Computer Networks - part V

prunelimitNetworking and Communications

Oct 23, 2013 (4 years and 20 days ago)

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Computer Networks
-

part V

THE OSI MODEL

LAYERED TASKS

Figure 1
-

Tasks involved in sending a letter


There are 3 different activities at the sender site and 3 at the receiver site.


Must be done in the order of the layers.


Each layer at the sending site uses the services of the layer right below it.

THE OSI MODEL

1.
Established

in

1947
,

the

International

Standards

Organization

(ISO)

is

a

multinational

body

dedicated

to

worldwide

agreement

on

international

standards
.


2.
An

ISO

standard

that

covers

all

aspects

of

network

communications

is

the

Open

Systems

Interconnection

(OSI)

model
.

It

was

first

introduced

in

the

late

1970
s
.


3.
ISO

is

the

organization
.

OSI

is

the

model
.

4.
Topics

covered
:

1.
Layered

Architecture

2.
Peer
-
to
-
Peer

Processes

3.
Encapsulation


It is now considered the primary Architectural model for
inter
-
computer communications.


The Open Systems Interconnection (OSI) reference model is
a descriptive network scheme. It ensures greater
compatibility and interoperability between various types of
network technologies.


It describes how information or data makes its way from
application programmes through a network medium to
another application programme located on another
network.


The OSI reference model divides the problem of moving
information between computers over a network medium
into SEVEN smaller and more manageable problems.

THE OSI MODEL

Figure 2
-

Seven layers of the OSI model

THE OSI MODEL


Why use a layered approach ?


Data communications requires complex procedures


Sender identifies data path/receiver


Systems negotiate preparedness


Applications negotiate preparedness


Translation of file formats


For all tasks to occur, a high level of cooperation is
required


Provide framework to implement multiple specific
protocols per layer

THE OSI MODEL


Advantages of Layering


Easier application development


Network can change without all programs being
modified


Breaks complex tasks into subtasks


Each layer handles a specific subset of tasks


Communication occurs


between different layers on the same node or stack
(INTERFACES)


vertical communications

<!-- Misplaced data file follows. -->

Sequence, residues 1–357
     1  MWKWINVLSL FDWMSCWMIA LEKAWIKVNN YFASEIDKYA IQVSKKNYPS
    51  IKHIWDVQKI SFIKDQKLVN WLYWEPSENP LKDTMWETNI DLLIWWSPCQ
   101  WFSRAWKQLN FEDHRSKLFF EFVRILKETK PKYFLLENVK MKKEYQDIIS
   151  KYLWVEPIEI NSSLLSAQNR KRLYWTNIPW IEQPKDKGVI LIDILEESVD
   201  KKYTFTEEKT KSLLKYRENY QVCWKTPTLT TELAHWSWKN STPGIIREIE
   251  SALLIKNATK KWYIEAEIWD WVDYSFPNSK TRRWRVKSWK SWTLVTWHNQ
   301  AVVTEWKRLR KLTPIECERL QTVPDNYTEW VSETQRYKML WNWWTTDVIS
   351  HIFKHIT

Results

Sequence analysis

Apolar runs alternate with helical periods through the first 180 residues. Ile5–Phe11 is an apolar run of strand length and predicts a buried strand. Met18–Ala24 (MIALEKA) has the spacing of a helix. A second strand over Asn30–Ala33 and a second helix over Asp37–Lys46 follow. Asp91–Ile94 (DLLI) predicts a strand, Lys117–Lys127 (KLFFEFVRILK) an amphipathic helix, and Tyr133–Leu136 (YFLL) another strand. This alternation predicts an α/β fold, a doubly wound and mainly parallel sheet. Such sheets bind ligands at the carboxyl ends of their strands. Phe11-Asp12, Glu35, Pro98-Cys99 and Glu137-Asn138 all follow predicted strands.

between similar layers on different nodes or stacks
(PEER
-
TO
-
PEER PROCESSES)


horizontal communications


The OSI Reference Model is composed of seven layers, each
specifying particular network functions.


The process of breaking up the functions or tasks of
networking into layers reduces complexity.


Each layer provides a service to the layer above it in the
protocol specification.


The lower 4 layers (Layers 4, 3, 2, and 1) are concerned with
the flow of data from end to end through the network.


The upper three layers of the OSI model (Layers 7, 6 and 5)
are orientated more toward services to the applications.


Data is
Encapsulated with the necessary protocol information
as it moves down the layers before network transit.

THE OSI MODEL


The seven layers of the OSI
model ca be divided into
two categories:


Upper layers (Application
set


3 layers)


Lower layers (Transport set


4 layers)

THE OSI MODEL


Network support layers : Layers 1, 2, 3


Concerned with flow of data from end to end through
Network


Combination of HW & SW


Physical layer always implemented in Hardware


User support layer : Layer 5, 6, 7


Always implemented in Software.



It allows interoperability among unrelated software systems


Transport layer (Layer 4) : links the two subgroups


Layers glued together by interfaces


Each interface defines what info & services it must provide
for the above layer

THE OSI MODEL

(
A
)
ll

7. (
A
)
pplication

(
A
)way

(
P
)
eople

6. (
P
)
resentation

(
P
)
izza

(
S
)
eem

5. (
S
)
ession

(
S
)
ausage

(
T
)o

4. (
T
)
ransport

(
T
)
hrow

(
N
)
eed

3. (
N
)
etwork

(
N
)
ot

(
D
)
ata

2. (
D
)
ata

Link

(
D
)o

(
P
)
rocessing

1. (
P
)
hysical

(
P
)lease

Mnemonics

Figure 3
-

The interaction between layers in the OSI model

Network
support
layers

User
support
layers